Skarsgard details a flashback scene cut from It

As IT continues to break box office records in its second weekend it appears audiences around the country – and even the world – can’t get enough of the demon clown Pennywise (Bill Skarsgard). We get a healthy dose of the murderous, red-haired creeper in this first film, and it turns out we could’ve seen even more of him, as Skarsgard recently revealed there was an entire flashback sequence that was cut from the final film.

While speaking with Variety, the IT actor talked about how a “really, really, disturbing” scene was shot that took us back to the 1600’s and explored the origin of Pennywise. The scene was unfortunately cut from the final product, but Skarsgard thinks it’s something that could make its way into the second film:

There was a scene we shot that was a flashback from the 1600s, before Pennywise [was Pennywise]. The scene turned out really, really disturbing. And I’m not the clown. I look more like myself. It’s very disturbing, and sort of a backstory for what It is, or where Pennywise came from. That might be something worth exploring in the second one. The idea is the ‘It’ entity was dormant for thousands and thousands of years. The [flashback] scene hints on that.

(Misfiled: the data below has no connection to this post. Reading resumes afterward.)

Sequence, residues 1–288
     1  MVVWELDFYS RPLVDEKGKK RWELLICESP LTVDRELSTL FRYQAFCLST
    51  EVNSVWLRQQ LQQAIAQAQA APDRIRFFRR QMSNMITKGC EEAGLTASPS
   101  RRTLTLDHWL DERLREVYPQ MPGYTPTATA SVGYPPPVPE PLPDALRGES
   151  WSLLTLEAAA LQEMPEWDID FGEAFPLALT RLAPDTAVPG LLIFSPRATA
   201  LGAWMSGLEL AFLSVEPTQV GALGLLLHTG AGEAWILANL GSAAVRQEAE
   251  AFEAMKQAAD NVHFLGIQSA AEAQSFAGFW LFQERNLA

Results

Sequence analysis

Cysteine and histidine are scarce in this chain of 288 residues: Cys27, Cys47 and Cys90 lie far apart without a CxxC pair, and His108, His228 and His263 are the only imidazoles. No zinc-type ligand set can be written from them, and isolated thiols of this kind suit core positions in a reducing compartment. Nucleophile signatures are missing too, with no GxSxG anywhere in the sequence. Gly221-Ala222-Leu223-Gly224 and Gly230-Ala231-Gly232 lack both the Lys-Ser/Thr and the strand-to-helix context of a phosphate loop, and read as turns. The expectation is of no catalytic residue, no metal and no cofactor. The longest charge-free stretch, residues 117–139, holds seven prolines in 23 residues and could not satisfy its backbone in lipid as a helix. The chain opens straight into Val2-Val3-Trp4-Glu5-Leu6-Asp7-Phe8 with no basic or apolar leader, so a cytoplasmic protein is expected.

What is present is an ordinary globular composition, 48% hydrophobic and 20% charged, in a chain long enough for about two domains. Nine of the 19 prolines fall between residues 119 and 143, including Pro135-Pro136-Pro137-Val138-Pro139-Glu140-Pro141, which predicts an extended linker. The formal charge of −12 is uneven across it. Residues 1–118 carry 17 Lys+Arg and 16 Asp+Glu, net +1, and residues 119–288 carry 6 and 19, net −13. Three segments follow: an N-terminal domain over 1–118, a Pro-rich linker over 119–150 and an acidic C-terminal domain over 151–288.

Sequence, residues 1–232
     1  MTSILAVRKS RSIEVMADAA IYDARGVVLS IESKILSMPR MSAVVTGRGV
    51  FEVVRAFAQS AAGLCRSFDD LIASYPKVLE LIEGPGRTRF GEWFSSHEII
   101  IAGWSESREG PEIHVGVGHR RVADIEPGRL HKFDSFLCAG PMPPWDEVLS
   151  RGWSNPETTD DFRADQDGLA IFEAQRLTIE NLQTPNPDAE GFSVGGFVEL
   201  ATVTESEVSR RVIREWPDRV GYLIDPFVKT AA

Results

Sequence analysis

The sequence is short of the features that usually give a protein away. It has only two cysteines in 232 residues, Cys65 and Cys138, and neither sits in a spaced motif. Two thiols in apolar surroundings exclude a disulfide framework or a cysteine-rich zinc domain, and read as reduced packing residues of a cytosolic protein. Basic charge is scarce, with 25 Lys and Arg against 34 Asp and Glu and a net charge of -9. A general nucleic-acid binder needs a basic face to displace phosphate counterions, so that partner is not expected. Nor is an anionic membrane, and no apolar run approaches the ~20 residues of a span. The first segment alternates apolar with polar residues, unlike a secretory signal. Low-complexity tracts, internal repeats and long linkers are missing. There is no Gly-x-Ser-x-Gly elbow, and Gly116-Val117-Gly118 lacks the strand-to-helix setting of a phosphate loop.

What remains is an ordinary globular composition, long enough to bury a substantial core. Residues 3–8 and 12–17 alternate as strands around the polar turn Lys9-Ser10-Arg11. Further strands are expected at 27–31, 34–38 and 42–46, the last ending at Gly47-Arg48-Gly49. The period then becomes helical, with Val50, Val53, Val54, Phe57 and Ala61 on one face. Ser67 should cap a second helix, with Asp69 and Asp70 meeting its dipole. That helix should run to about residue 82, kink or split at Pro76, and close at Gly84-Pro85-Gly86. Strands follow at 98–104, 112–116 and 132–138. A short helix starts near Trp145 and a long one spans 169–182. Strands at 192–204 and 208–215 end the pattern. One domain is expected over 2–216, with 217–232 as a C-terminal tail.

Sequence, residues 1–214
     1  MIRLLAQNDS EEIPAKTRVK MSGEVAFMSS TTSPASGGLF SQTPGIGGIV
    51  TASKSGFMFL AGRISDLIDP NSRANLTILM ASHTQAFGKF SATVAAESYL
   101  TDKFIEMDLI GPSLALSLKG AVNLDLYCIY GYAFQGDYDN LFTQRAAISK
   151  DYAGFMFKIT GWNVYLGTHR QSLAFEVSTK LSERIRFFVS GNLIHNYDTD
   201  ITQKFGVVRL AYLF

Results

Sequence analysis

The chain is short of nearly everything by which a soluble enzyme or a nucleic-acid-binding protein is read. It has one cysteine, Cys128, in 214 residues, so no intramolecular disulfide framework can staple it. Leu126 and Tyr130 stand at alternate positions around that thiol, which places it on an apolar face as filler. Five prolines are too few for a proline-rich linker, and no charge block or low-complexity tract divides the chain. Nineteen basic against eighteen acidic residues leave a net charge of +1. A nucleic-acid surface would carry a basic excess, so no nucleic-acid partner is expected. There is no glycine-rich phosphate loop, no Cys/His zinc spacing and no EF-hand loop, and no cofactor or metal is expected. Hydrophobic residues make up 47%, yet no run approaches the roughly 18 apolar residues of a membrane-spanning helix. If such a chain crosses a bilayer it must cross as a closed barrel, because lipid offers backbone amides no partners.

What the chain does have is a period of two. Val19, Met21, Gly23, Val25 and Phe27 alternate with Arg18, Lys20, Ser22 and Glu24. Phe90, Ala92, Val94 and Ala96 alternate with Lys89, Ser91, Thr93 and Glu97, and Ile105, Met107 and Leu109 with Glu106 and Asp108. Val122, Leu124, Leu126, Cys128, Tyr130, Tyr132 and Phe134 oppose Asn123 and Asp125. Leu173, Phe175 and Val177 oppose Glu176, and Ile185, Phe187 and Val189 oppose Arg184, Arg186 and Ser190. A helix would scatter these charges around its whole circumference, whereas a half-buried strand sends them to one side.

The next film will follow the Loser’s Club as adults, having to re-confront IT 27 years after their first encounter. Director Andres Muschietti says the sequel will be much darker, and that Pennywise’s origins will factor into its defeat. However, we may get to see the scene even earlier, as an extended cut is being made for the home release with an extra 15 minutes added on. Fingers crossed!

I could watch Skarsgard all day as Pennywise, so I would’ve been down to see his origins in this first film. I agree that there may not have been a logical place to put it, and that it will probably fit better in the second film. He will be more malevolent next time around, so getting such a dark glimpse at It’s origin should fit the tone nicely. I expect a little bit of juggling to be seen, as well as whatever the 1600's equivalent of making balloon animals is.

IT is in theaters now!

Source: Variety



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